Tue. May 21st, 2019

Getting Past the Gender Pay Gap: Equality Summit Update


(Bloomberg) — Gender pay reporting requirements rolled out in the U.K. in 2018 revealed that at most organizations, women earn a lot less than men — largely because they struggle to climb the corporate ladder. This year’s data showed little has changed, and even some backsliding.

But advocates for diversity say the transparency was a critical first step, and there’s a push to expand mandatory pay gap reporting to cover racial and ethnic pay gaps as well.

Leaders from business, government, activism and entertainment are at the Bloomberg Equality Summit in London to discuss the path forward.

The Power of Shaming (12:30 p.m.)

Gender pay-gap reporting is a wake-up call for business leaders, says Rachel Lord, BlackRock Inc.’s head of Europe, Middle East and Africa. No CEO wants to wake up to a story about how they pay women 31% less than men, she says.

“It is hideously embarrassing for a CEO to see that data, however raw it is, however unadjusted or uncontextualized,” Lord tells a panel on diversity in banking and finance.

“I haven’t spoken to any CEO of any public company who hasn’t been embarrassed by their data, even though they know the reasons behind it which are often more nuanced. It’s really helpful.”

What the FTSE 100 Gender Pay Gap Shows (12:00 p.m.)

Bloomberg’s Annmarie Hordern has been looking at what the gender pay gap means for major companies. The Bloomberg Gender Equality Index is outperforming the MSCI All-Country World Index and is up 13% so far this year.

The Next Step for Pay Reporting (11:05)

Companies need to prepare for the possibility of pay disclosure rules being expanded to cover ethnicity after a government consultation on the idea, says Sandra Kerr, race equality director at Business in the Community.

“If was an employer, I would be focused right now on getting my employees thinking about how do we ensure the self-disclosure rates are good. I would be ensuring that I’m capturing the ethnicity data. It was a consultation on mandatory reporting — it wasn’t should we do it. So I think we should expect something coming out to say here’s the date and the timeline and get moving.”

Can Britain Unite in the Age of Brexit? (10:20 a.m.)

Since the Brexit vote in 2016, traditional notions of left- or right-wing have given way to blocs of “remainers” versus “leavers” in the U.K. That makes debating ideas and opinions harder than ever, says Gina Miller, anti-Brexit campaigner and co-founder of SCM Direct.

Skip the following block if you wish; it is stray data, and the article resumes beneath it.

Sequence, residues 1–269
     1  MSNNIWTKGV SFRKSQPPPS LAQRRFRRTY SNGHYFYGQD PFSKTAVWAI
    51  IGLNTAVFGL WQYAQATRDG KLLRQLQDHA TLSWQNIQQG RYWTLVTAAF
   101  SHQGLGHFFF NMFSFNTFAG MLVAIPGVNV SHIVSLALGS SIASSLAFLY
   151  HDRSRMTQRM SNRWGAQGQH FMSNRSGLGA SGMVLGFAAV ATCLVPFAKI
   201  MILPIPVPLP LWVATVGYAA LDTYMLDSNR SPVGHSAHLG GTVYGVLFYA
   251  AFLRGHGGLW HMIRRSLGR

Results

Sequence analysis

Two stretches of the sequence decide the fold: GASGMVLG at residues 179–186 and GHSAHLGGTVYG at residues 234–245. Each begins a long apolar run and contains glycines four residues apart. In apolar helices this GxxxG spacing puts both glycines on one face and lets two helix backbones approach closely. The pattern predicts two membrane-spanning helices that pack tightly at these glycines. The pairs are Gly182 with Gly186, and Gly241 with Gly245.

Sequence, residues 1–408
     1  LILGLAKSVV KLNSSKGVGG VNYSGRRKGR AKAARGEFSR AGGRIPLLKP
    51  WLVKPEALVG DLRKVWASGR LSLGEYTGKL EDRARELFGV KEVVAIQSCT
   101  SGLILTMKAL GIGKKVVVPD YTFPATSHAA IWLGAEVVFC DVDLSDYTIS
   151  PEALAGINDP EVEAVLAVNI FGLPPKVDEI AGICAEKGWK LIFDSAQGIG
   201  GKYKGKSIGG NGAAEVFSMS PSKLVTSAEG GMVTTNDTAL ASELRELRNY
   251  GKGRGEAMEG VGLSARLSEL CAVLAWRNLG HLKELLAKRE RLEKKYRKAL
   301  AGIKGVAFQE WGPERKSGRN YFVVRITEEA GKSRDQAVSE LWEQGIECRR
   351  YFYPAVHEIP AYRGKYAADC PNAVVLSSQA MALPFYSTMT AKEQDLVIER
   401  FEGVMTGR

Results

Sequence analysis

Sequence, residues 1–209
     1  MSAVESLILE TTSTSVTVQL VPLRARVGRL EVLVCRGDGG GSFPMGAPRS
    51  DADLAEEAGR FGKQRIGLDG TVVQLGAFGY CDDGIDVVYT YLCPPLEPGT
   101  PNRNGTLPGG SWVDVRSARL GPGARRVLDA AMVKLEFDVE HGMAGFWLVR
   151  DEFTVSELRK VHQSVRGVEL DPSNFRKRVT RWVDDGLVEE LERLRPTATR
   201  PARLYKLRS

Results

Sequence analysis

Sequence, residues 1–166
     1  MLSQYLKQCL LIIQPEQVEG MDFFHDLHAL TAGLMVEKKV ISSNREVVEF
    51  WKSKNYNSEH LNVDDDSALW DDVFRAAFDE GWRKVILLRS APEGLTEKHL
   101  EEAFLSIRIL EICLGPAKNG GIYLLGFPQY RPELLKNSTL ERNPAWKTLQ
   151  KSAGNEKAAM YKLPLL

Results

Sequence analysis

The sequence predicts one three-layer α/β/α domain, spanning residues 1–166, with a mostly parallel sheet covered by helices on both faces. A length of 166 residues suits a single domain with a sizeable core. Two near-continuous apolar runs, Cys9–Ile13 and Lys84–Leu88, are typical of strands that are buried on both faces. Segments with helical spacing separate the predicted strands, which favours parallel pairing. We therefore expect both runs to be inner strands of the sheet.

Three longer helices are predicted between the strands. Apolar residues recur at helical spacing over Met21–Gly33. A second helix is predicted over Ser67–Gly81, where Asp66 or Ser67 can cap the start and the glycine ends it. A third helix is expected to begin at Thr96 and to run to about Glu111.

“In London we still don’t get it. When you travel down a street in Wales and other areas and talk to people, they see us as a different country, they don’t identify with London,” she says.

Where is this split driving the U.K.? The narrative of unity is important, but there hasn’t been enough discussion of what to unite around, according to Leah Kreitzman, London’s mayoral director for external and international affairs.

Words ‘Not Enough’ (09:45 a.m.)

An early theme at the Bloomberg Equality Summit is that while most companies already preach the business case for diversity, progress has been slow. Pay gaps remain wide, boards remain overwhelmingly white and male, and women remain under-represented in leadership.

“More words are not enough,” said Jasmine Whitbread, a non-executive director at lender Standard Chartered Plc. “What’s needed is action.” Chantal Free of Willis Towers Watson Plc echoed this theme in her opening remarks as well.

Banks Poised for Grilling (8:30 a.m. Thursday)

The U.K.’s biggest banks face being summoned to explain why they are among the worst offenders in paying women less than men, according to Nicky Morgan, the Conservative member of Parliament who will chair hearings this summer into the finance industry’s alarming gender pay gap.

“We want to ask the witnesses some pretty searching questions, not just about the pay gap but about their plan for how this is going to be solved,” Morgan told Bloomberg’s David Hellier. The former U.K. Treasury minister will join a panel to discuss equality in banking and finance at 11:30 a.m.

Soccer’s Pay Problem (6:17 p.m. Wednesday)

“I can’t think of an industry with a starker difference” in pay than soccer, said Kelly Simmons, director of the women’s professional game at the Football Association. The second year of U.K. gender pay gap reporting revealed that the clubs are far outside the mainstream when it comes to gender imbalance. “But it’s shifting massively,” Simmons said. “We’ve gone professional, brought in Barclays. We’ve moved massively from dodgy pitches with dog muck.”

Barclays signed a deal earlier this year to become the first title sponsor of the Women’s Super League, the “largest ever commercial investment in women’s sport in the U.K.” The three-year partnership was reported by the BBC to be worth more than 10 million pounds ($12.9 million) and starts next season.

Scotland: Progress Is Slow (5:38 p.m.)

Patricia Scotland, Secretary-General of the Commonwealth, said that focusing rights on the equality of citizens makes it difficult to discriminate against people “be they male, female, able, disable, gay, straight, black, white, religious, non-religious.” Progress takes time and patience, she said. Scotland was the first woman to hold the post of U.K. Attorney General since it was created in 1315 and took on her current post in 2016.



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